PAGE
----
Our city, our home and our place in the world

March 20, 2023 11:09
Photo: Reuters

I got back to Hong Kong late last week.

And it took me no time to come to the conclusion - there are few places quite like home. Masks are now gone (though some folks remain obstinately wedded to them), tourists are trickling in, and the airport is well and truly on its way to coming ‘back’ in full.

The efficiency of Airport Express was impeccable (especially in comparison with the delay-riddled Tube in London), and the train cabin itself was demonstrative of the impeccable cleanliness and orderliness that undergird our city.

The IFC awaits at the end of the Express line, hosting an eclectic mixture of high-end boutique shops, restaurants, and a large cosmopolitan crowd of tourists and office workers. This feels Home. I feel right at Home.

These days it’s very trendy to dump on Hong Kong wherever is possible. Reading newspaper headlines abroad would render one convinced that this city is finished - that it is well and truly cooked, with its halcyon days behind it. Throw in a few buzzwords and the standard geopolitically rooted bombast concerning China, and one would be forgiven for thinking that the city is a dystopian hellhole.

Yet such narratives just do not do justice to the city. They neglect the hyper-efficiency and interconnectivity that underpin much of the city’s magic. They pass over - almost woefully negligently - the superb recreation and leisure facilities, or food and beverage and cultural elements that proliferate the city. Setting aside the shopping and retail, there is much that Hong Kong uniquely has to offer, arguably over its many regional counterparts.

Where else in the world could you get to a lush countryside mountaintop within 5 minutes of a meeting in one of the most opulent districts in the world (save from, perhaps, the Orchard-Tanglin-Botanical Gardens stretch in Singapore, perhaps)? Where else could you spend a morning on a beach, lunch in a hawker stall within 10 minutes of said beach, and the afternoon hiking on a mountain range that grants you unrivalled views of Southern Guangdong?

This is a city that is defined by its people - tenacious, enduring, creative, and savvy. It’s part of our DNA to be dexterous, and not to be chained or shackled to particular ‘sides’ or ‘camps’ in geopolitical tussles. It’s also engrained in our zeitgeist and ethos that we adapt to the circumstances and adversities that we face - it is precisely this mindset that has enabled us to weather the many challenges that have come our way in the past, from World War 2 and the early days of the Cold War, through to SARS, the Asian Financial Crisis, and COVID-19.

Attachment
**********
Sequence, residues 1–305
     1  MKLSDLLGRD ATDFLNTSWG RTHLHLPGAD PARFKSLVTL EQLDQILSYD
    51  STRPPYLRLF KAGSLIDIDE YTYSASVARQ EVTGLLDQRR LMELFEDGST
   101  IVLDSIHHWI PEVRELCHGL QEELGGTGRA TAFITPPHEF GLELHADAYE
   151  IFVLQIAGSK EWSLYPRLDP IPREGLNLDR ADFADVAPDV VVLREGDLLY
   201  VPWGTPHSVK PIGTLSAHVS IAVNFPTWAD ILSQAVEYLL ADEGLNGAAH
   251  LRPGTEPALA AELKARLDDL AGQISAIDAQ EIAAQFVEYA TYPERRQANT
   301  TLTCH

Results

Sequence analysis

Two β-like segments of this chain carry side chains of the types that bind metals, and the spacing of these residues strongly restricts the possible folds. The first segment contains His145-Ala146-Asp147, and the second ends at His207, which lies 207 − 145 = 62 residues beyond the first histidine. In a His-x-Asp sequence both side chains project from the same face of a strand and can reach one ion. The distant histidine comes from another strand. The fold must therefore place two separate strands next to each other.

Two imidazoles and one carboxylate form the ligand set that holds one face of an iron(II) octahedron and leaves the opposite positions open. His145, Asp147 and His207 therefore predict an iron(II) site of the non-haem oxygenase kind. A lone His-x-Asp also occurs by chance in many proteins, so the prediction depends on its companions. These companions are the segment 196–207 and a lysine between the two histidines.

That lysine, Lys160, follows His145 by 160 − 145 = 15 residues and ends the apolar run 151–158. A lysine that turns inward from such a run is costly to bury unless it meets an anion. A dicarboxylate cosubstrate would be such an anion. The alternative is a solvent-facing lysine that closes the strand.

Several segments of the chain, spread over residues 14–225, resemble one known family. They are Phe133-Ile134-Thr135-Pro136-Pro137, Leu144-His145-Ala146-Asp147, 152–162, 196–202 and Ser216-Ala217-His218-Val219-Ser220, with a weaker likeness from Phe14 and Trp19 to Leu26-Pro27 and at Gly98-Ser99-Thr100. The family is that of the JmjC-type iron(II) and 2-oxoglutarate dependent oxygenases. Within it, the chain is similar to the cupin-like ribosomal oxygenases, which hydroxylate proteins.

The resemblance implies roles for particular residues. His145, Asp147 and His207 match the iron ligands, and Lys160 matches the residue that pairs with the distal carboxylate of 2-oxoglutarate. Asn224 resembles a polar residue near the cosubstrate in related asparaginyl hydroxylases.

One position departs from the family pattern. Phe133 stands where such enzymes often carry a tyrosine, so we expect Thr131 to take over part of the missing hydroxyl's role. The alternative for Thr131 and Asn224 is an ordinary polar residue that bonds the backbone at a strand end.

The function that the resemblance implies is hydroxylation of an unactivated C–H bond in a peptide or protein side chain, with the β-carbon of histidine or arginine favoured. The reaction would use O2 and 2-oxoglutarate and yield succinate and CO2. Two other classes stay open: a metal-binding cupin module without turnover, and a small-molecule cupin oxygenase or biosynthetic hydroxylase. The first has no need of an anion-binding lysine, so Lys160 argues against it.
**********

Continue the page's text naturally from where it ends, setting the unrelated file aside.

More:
Hong Kong will always remain the most international and open city on Chinese soil. This is our claim to fame, our source of importance, and our special status. There are, of course, sycophants and pedants who wish to purge our home of such uniqueness - they can never succeed. They shall never succeed.

Don’t get me wrong. There is a plethora of problems that this city remains beset by - including deeply perverse socioeconomic and housing inequalities, an uncompetitive and ossified industrial and economic structure, and fundamentally atavistic education and curricula design that are ill-equipped for the 21st century. We must also grapple with questions looming over our legal and political systems as we emerge from the quagmire of geopolitical intrigue over the past few years.

Yet none of these problems need be unresolvable. None of them is unfixable. With the right level of determination, persistence, and integrity, I am more than confident that we can find a way forward. This is, after all, our city, our home, and our place in the world. There’s no other place in the world that can compare with Hong Kong.

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Assistant Professor, HKU